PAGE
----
Mark Hynes - thoughts on corporate disclosure

Opinions on changing rules, changing best practices, and their effect on investor relations officers.

Thursday, October 29, 2009

Conviction notes; practical details a problem?

It was a new one on me I have to admit. In discussion with an interesting group this week, we chatted about ‘conviction notes’ from sell side analysts, and whether / how the prop desks of the investment banks issuing them can support the note without crossing the Chinese wall.

Going back one step. By definition, a conviction buy or sell note from an analyst means that that bank’s proprietary trading desk is backing that analysis by buying or selling that stock. The bank is committing its own money, giving the note a more than usual forceful impact on the share price.

For the analyst to give his note a “conviction tag”, he has to know that the prop desk will be supporting the note by trading in line with its recommendation, which surely means that the analyst and the bank’s traders need to discuss the analysis ahead of publication?

And of course, the conviction note itself can have a significant effect on the market, given how much money is invested. And the returns from trading (at least) immediately after the note is much greater, so it must be tempting.

Hopefully, compliance departments are policing any connections between those on the prop desk who agreed the conviction tag with the analyst ahead of publication.

Surely this is not a return to the bad old days? And of course completely unconnected to discussions about trading huddles in the FT back in August.

As always, this highlights again the need for IR teams to follow trading patterns in their stock, and to be aware of those investment banks in the habit of issuing conviction notices, or membership of the highly influential investment banks’ preferred stock lists.

Thursday, October 15, 2009

Its guidance, Jim, but not as we know it..

Pity the poor regulator. You go to a nice dinner at the IoD and give a speech, and you have someone like me poring all over it for clues as to the concerns of the UK’s Financial Services Authority. The Manager at Company Monitoring at the FSA had that task last week.

One of the problems is that with the ‘principles based’ regulatory structure in the UK, there is a constant refrain that no one size fits all in compliance terms, and that listed companies are responsible for reporting against their own circumstances. And to be fair, I suspect that the IR community prefers that latitude, and would rail against hard coded regulation.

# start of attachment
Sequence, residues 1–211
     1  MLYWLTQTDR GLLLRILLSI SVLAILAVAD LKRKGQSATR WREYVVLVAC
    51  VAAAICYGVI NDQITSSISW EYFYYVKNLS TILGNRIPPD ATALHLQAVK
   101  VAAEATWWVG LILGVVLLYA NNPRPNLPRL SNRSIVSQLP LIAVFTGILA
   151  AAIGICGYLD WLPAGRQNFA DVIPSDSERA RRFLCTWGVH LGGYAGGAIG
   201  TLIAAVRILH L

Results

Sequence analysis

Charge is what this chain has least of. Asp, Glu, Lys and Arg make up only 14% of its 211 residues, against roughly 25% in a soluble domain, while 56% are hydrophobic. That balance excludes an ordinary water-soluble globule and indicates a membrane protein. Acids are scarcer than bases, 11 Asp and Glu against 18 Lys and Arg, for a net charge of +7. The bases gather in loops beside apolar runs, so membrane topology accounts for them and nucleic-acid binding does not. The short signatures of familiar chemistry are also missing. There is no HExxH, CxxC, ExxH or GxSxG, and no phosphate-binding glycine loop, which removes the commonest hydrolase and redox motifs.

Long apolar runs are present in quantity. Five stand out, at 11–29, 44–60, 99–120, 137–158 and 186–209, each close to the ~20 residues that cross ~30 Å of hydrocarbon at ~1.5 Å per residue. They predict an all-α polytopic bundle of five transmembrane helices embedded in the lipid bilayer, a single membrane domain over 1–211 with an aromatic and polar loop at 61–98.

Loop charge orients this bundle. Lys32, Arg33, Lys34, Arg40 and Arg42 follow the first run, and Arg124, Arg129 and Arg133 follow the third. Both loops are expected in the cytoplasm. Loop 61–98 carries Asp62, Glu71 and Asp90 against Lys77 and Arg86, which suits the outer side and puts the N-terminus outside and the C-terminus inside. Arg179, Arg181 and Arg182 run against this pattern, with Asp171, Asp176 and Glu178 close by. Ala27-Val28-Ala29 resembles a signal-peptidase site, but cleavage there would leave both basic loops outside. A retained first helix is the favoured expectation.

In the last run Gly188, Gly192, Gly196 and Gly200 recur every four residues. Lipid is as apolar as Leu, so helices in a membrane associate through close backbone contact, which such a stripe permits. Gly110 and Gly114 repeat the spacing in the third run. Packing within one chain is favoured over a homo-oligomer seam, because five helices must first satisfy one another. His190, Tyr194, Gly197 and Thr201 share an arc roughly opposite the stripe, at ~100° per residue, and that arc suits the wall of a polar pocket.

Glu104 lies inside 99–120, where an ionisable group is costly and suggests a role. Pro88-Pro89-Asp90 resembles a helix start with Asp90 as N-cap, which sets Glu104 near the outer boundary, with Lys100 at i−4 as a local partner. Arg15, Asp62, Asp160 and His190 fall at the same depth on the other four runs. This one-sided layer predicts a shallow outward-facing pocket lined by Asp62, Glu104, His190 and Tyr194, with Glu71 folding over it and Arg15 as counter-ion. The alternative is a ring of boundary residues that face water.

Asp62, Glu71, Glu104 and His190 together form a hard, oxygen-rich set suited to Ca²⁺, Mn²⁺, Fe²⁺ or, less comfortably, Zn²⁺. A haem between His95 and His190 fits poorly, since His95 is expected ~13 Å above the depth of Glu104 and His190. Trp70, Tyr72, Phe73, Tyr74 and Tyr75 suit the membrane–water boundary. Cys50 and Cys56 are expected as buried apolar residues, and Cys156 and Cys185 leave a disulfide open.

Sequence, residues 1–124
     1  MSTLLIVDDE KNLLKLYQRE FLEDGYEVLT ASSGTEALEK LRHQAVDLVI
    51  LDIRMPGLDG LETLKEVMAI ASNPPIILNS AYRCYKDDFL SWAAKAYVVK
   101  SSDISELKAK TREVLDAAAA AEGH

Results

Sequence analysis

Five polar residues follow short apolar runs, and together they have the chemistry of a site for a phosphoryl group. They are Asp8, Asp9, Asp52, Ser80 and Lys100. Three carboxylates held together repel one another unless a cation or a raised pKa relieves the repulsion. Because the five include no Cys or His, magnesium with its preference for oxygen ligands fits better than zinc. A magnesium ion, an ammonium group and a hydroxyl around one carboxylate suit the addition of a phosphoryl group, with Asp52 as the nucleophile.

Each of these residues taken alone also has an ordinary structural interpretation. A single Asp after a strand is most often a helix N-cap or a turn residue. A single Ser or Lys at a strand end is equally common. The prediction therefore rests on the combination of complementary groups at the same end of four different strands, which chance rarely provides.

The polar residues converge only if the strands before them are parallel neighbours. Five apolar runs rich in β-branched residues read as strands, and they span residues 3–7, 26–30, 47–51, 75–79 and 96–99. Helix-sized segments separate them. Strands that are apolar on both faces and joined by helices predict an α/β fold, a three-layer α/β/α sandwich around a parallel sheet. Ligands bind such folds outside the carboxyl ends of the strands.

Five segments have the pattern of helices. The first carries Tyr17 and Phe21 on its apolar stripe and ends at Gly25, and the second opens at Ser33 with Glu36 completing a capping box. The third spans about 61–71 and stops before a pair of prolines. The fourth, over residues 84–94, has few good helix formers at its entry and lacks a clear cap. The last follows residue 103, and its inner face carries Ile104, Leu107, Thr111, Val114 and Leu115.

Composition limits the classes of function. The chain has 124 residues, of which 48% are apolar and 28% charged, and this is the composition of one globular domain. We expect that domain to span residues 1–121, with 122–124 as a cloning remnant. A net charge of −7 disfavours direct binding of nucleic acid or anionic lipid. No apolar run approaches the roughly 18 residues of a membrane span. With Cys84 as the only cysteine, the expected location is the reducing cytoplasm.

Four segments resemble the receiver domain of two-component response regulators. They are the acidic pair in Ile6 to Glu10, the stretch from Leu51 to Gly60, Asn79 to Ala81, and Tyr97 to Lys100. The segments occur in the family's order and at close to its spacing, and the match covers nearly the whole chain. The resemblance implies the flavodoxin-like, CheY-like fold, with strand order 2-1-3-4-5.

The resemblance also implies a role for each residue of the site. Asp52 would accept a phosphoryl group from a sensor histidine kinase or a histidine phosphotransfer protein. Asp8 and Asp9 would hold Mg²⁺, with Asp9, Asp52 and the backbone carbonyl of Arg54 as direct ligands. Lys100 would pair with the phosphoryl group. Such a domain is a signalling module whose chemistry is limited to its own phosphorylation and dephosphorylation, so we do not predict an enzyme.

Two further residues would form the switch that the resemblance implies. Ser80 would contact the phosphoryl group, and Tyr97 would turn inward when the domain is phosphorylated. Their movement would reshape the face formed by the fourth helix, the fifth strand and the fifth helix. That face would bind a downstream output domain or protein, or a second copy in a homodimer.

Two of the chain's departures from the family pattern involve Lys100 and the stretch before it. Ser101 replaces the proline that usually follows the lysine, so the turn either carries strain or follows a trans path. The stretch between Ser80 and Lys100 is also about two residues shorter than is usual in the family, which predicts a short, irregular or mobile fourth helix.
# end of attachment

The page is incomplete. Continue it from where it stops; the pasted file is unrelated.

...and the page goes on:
However, it does on occasion present choices for companies, and so any messages and emphasis that the FSA chooses to give are important. And there are some important emphases in Mike Knight’s speech, well worth reading.

For example, he reminds us of the potential need to respond to rumours, by monitoring the media, and announcing as required. And to judge by the number of regulatory announcements “Statement re press speculation” made- over 30 in the last 3 months alone – there is that need.

There is also comment on a particular hot topic for issuers:
“How far away from market consensus does trading have to be to warrant ad hoc announcement?
It would be difficult for us to answer this directly as our rules are not drafted in this language. We would, though, expect that when assessing disclosure of trading or financial performance, directors will apply the various legs of the definition of inside information; in particular, the likelihood of a significant effect on price should disclosure be required.

We do recognise that in some sectors of the listed community, there are accepted market timings or cycles for the disclosure of trading performance. This should not, though, negate the importance of timeliness of disclosure where an issuer is in possession of inside information.”

This raises the constant debate about judgement of the market reaction, and the word “significant”. Many issuers use a benchmark of 10% price movement, although they face the problem that they are not market professionals, and anticipating market reaction isn’t their job.

Probably the key message in the speech is a hark back to the Wolfson case and intra divisional netting off. He said “We remain to be convinced that balancing positive or negative intra-group trading performance can be achieved legitimately under our rules”. Many companies – and probably much of the market as well - still focuses on the bottom line. A clear steer that this isn’t enough.

And finally, advice. It isn’t mandatory to get advice from a broker or financial PR, but where the company does, they should be appropriately qualified and fully briefed.

IROs need to keep up to date with best practice. While this speech basically reiterates what has already been said by the FSA it is always useful to note any change of tone. Recent activity would seem to indicate that the FSA is looking more closely at the way companies are communicating with the markets.